Filing a lawsuit for trespassing

The owner can file a lawsuit against the squatter alleging trespass. Serving papers interrupts continuous possession. Even if the lawsuit is unsuccessful, the adverse possession clock gets reset.

Entering the property or confronting the squatter

If the owner enters the property or confronts the squatter in person and demands they leave, it disturbs their exclusive control. To be most effective, the owner should document the encounter.

Making repairs or improvements to the property

If the owner hires contractors to make repairs, upgrade systems, improve landscaping, or conduct maintenance, the squatter's possession is disturbed.

Any overt action by the owner that interrupts the squatter's exclusive control will restart the clock and prevent adverse possession. Owners should be sure to thoroughly document any efforts to interrupt the squatter's continuous possession in case legal action becomes necessary. With persistence, the rightful owner can defeat a squatter's adverse possession claim in Indiana.

Trespassers vs. Squatters vs. Adverse Possession in Indiana

There are important legal distinctions between trespassers, squatters, and adverse possession in Indiana:


  • A trespasser is someone who enters or occupies property without permission for a temporary period. 
  • Trespassing is a minor property offense, not a method of gaining ownership.
  • Property owners can have trespassers removed by law enforcement.


  • Squatters occupy a property without the owner's permission.
  • They may falsely claim a right to live there or intend to adversely possess.
  • Squatters have no ownership rights and can be evicted through a court order.

Adverse Possession

  • Adverse possession requires occupying a property for a statutory period (10 years in Indiana) in an open, continuous, hostile manner.
  • The adverse possessor can gain legal ownership at the end of the statutory period.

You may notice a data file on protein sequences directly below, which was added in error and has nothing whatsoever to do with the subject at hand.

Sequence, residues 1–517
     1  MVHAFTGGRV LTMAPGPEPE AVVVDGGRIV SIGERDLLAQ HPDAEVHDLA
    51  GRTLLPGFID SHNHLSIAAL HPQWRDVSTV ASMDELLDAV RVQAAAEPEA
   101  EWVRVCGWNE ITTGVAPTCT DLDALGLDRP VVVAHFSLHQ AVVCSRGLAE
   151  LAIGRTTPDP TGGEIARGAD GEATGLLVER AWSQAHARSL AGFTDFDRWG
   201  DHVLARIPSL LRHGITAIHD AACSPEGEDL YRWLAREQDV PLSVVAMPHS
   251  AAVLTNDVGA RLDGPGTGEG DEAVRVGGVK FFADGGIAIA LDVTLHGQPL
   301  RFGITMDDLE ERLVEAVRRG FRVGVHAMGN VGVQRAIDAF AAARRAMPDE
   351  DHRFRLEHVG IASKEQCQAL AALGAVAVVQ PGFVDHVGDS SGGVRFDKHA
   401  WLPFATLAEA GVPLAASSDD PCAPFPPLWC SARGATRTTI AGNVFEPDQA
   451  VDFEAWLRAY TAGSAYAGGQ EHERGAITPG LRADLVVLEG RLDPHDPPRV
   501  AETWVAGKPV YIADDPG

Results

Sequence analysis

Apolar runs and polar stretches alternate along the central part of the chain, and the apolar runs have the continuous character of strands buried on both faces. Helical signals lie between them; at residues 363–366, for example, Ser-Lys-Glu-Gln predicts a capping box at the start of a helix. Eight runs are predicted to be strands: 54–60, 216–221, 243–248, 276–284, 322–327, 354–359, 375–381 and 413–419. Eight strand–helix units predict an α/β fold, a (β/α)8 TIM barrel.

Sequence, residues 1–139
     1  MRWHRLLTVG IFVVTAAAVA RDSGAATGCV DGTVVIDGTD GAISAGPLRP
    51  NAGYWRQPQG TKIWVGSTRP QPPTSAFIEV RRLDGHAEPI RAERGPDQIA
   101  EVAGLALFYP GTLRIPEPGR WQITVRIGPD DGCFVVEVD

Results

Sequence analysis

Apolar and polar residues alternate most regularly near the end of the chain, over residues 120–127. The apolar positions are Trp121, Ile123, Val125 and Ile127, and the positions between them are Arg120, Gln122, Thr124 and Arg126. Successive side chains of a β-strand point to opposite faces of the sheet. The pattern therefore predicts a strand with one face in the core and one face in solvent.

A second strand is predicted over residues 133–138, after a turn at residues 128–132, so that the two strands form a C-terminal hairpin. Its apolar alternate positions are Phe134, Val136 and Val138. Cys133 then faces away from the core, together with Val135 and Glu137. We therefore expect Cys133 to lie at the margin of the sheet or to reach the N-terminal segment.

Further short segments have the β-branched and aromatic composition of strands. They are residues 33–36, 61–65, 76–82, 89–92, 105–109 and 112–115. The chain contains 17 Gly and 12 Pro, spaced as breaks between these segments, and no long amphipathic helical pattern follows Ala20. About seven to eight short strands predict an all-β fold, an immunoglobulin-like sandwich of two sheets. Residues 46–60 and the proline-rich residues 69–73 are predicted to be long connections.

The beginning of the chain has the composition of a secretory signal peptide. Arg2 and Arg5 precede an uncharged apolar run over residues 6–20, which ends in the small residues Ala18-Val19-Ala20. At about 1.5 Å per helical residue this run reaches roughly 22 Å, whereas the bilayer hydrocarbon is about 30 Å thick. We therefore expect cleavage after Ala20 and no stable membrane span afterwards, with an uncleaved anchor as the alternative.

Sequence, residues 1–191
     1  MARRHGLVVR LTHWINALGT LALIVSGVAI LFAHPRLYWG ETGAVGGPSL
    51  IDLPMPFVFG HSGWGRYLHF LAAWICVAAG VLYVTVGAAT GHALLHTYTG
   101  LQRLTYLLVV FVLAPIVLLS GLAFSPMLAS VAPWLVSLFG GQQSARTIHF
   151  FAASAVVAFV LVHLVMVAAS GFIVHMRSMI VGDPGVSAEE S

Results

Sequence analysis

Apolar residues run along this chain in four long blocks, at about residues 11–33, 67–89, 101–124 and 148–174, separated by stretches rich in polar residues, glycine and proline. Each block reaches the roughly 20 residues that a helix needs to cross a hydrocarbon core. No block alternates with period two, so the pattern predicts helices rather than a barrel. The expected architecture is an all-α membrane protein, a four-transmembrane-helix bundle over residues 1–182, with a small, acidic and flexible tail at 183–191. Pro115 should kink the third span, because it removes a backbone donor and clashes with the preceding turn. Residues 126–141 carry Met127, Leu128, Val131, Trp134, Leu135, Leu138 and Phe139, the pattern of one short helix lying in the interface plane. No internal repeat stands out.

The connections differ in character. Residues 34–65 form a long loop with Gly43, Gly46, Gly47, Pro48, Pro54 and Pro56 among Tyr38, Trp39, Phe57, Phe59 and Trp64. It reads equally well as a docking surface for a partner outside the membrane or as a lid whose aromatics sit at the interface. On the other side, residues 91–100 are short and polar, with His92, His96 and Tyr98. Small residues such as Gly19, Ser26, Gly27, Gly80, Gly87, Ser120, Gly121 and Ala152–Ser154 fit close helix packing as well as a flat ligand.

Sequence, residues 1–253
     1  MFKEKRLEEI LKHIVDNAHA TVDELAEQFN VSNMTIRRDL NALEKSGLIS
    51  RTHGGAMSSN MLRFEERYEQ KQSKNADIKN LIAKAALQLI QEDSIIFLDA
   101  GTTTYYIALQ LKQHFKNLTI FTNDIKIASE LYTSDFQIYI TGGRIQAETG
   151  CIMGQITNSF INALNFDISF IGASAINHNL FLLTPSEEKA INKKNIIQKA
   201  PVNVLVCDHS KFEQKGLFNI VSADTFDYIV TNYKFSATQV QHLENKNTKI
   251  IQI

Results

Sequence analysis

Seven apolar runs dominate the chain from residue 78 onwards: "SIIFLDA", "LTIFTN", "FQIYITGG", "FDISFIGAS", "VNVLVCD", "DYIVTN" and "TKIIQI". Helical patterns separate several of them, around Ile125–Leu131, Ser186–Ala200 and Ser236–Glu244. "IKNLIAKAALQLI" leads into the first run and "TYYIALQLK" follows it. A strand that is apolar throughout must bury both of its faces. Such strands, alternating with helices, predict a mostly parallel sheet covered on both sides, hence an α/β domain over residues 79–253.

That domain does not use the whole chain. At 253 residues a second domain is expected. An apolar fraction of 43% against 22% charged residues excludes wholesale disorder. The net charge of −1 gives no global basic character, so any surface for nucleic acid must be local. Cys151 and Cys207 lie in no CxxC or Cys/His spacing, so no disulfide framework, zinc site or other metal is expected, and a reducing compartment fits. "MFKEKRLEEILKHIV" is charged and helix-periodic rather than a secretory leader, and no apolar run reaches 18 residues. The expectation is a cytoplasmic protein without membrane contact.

• The title transfers automatically by operation of law after the statutory period expires.
  • The original owner must file a lawsuit to eject the adverse possessor before the time period ends.

The key difference is that adverse possession leads to ownership if the statutory requirements are met. Trespassers and squatters do not gain any ownership interest in the property.

Key Takeaways

  • Squatters in Indiana can gain legal ownership through adverse possession by occupying a property for 10 years, paying taxes, and meeting other specific conditions.
  • Adverse possession in Indiana requires squatters to demonstrate actual, open, notorious, exclusive, and hostile possession for a continuous 10-year period.
  • The standard 10-year requirement for adverse possession can be reduced to 5 years if the squatter pays property taxes or has color of title.
  • Legal owners can prevent adverse possession claims by actively managing their property, such as paying taxes, making repairs, or confronting squatters.
  • Squatters must provide substantial evidence, like utility bills or witness affidavits, to support their adverse possession claim.
  • Property owners can interrupt a squatter's continuous possession by taking actions like posting no trespassing signs or filing a lawsuit, effectively resetting the possession clock.
  • There's a clear legal distinction in Indiana between trespassers (temporary without ownership intent), squatters (occupy without permission but may intend to claim ownership), and adverse possessors (may gain ownership after meeting specific legal criteria).

Frequently Asked Questions

Can you kick out a squatter in Indiana?

Yes, you can kick out a squatter in Indiana by following the legal eviction process, which includes providing a notice to vacate and potentially filing an eviction lawsuit if the squatter does not leave voluntarily.

Can you take ownership of an abandoned house in Indiana?

Yes, it is possible to take ownership of an abandoned house in Indiana through adverse possession, but you must occupy the property openly, notoriously, exclusively, and hostilely for a continuous period of 10 years, and meet other specific legal requirements.

How do I kick someone out of my house in Indiana?

To legally remove someone from your house in Indiana, you must serve them with a notice to vacate and, if they do not comply, proceed with filing an eviction lawsuit in court to obtain a court order for eviction.

Can you evict a tenant without a lease in Indiana?

Yes, in Indiana, you can evict a tenant without a lease by giving them a notice to vacate according to state law, typically providing a 30-day notice for month-to-month tenancies or immediate notice for violations of rental agreement terms or illegal activity.